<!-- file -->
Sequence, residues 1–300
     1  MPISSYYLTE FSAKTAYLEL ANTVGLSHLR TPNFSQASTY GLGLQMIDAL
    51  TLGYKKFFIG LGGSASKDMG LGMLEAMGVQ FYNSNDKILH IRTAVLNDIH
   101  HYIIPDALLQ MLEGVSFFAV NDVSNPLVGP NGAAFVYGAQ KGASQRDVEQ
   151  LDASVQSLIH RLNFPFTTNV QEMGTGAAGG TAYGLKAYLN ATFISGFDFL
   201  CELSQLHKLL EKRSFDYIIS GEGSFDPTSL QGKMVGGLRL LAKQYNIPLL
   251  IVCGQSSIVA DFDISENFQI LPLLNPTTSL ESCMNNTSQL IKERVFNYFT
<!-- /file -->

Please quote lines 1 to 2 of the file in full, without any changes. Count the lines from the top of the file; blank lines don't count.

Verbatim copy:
Sequence, residues 1–300
     1  MPISSYYLTE FSAKTAYLEL ANTVGLSHLR TPNFSQASTY GLGLQMIDAL